As I prepare to write my formal review of the recent movie adaptation of Les Miserables (beyond my initial Twitter reaction), I realized that I seem to have a weird tendency to view the recent movie musicals in a different light compared to their prior incarnations. It's hard to explain things in precise detail, but I'll try to approximate my thoughts in words using this blog entry.
You see, a lot of reactions for Les Miserables, for example, focus on how good or how bad the actors sang their numbers in the movie. And I guess that makes sense given it is a musical after all - we have to judge the singing to some extent sooner or later. But I realized that while I do recognize who could sing well and who couldn't, I noticed that I appear to be grading the actors on a bit of a curve.
MGM era - think of the movie adaptations of productions like The Sound of Music with Dame Julie Andrews or West Side Story, these were movies of a different level entirely. In many ways, they were essentially stage plays and stage musicals filmed in sound set. Sure they took advantage of certain elements that you can only achieve in movies, but for the most part it meant casting actors and actresses who were known to be able to sing or to ensure they had excellent "ghost singing voices" or whatever to ensure the quality of the performances.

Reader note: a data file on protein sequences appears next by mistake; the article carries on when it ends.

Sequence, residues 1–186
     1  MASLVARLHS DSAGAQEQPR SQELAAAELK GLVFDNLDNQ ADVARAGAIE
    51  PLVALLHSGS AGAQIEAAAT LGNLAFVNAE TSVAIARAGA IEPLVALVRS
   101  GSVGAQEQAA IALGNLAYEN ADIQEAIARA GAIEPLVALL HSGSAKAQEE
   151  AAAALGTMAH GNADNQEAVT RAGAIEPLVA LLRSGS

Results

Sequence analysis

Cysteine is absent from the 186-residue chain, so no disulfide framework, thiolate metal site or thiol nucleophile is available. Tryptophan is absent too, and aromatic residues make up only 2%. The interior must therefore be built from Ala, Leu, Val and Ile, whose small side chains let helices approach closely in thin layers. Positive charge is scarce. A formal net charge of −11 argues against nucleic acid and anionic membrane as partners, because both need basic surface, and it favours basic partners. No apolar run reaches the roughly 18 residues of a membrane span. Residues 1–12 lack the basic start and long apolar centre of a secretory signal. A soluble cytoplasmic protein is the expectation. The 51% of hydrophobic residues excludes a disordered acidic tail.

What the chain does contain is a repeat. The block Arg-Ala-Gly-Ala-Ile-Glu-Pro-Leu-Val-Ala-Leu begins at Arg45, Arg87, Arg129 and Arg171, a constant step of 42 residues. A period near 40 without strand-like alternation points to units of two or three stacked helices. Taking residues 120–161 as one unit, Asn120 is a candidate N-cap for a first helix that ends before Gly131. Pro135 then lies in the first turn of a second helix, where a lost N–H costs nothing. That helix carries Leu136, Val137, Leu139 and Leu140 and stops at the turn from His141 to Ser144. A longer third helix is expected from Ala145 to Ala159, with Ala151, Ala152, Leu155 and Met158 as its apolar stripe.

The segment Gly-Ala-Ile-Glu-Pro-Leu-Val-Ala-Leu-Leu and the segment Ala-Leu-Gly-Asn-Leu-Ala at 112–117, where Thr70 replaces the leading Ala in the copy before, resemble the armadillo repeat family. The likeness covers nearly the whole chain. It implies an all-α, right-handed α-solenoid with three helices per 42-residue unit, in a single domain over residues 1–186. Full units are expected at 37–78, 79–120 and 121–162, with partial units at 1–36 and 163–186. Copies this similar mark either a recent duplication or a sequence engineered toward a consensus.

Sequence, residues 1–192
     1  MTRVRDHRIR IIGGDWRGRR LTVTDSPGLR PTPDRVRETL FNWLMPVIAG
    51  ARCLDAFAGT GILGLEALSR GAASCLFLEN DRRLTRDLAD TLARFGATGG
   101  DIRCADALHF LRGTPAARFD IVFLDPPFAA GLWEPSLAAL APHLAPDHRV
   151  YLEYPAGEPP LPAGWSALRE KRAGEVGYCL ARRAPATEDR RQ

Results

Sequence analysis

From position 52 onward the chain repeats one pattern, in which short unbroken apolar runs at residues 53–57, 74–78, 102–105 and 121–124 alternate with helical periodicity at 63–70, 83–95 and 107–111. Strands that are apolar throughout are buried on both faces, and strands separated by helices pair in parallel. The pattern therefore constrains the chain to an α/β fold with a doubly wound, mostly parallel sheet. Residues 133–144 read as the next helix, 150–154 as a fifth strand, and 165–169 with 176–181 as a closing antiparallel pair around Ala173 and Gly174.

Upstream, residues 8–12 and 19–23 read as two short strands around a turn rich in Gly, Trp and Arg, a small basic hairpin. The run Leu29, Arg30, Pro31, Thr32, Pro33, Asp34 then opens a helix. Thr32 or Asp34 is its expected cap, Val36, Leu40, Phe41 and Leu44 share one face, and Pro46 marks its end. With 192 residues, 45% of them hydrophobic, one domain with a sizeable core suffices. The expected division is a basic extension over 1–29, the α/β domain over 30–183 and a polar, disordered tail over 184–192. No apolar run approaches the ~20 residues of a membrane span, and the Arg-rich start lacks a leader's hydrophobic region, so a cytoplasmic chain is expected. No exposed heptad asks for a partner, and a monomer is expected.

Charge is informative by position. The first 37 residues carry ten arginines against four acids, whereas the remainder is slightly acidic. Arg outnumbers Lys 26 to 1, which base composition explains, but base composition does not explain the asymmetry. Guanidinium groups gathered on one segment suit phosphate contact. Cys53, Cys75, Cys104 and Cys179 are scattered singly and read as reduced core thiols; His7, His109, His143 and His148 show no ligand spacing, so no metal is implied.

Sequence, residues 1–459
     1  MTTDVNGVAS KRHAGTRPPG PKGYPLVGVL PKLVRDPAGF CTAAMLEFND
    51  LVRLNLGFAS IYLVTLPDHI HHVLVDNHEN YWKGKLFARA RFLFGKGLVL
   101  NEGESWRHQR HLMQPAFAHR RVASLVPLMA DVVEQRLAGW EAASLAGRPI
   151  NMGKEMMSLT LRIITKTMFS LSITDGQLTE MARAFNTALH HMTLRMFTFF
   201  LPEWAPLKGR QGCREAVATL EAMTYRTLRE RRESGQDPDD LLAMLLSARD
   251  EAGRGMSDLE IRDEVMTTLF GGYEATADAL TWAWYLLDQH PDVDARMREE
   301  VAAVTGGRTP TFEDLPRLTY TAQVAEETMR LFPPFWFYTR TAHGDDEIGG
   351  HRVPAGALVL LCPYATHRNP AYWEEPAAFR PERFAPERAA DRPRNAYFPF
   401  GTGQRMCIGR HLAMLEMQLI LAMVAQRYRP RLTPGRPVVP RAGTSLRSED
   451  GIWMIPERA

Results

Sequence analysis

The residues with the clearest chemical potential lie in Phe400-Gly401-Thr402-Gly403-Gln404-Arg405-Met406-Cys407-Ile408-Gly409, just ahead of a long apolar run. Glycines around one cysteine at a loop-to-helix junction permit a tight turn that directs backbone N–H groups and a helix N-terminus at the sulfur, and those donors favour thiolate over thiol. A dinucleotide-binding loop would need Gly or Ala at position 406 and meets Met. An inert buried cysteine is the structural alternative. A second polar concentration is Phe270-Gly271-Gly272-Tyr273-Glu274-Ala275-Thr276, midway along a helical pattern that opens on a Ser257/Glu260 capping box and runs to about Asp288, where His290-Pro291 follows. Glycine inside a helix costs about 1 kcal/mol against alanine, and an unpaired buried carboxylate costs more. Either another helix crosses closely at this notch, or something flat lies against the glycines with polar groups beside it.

And this was mostly true up to a certain point, probably as far as movie adaptations like Hair and Little Shop of Horrors, or thereabouts. But the "traditional" movie musical sort of fell out of style outside of Disney movies or something.
Come on, movies like Mamma Mia! were surprisingly good while movies like Nine had us feeling weird since how often do you get to say that Fergie was more impressive than Daniel Day-Lewis, right?
But they're still very hit-or-miss with regard to actual musical talent and I guess I've just come to see them more on the movie level and not the musical level. I just stopped expecting a lot from them in terms of their singing abilities and focused on the overall production as a film. And that's neither good nor bad - it's just the perspective I've chosen to take when watching these movies. It also helps temper my reactions when the singing is particular bad and at the same time making me a heck of a lot happier when the actors can actually carry a decent tune.
What about you readers? Do you feel that the "modern" movie musical is distinctly different from the movie musicals of years gone by? Or am I just being overly picky when it comes to music in an almost hipster-like fashion?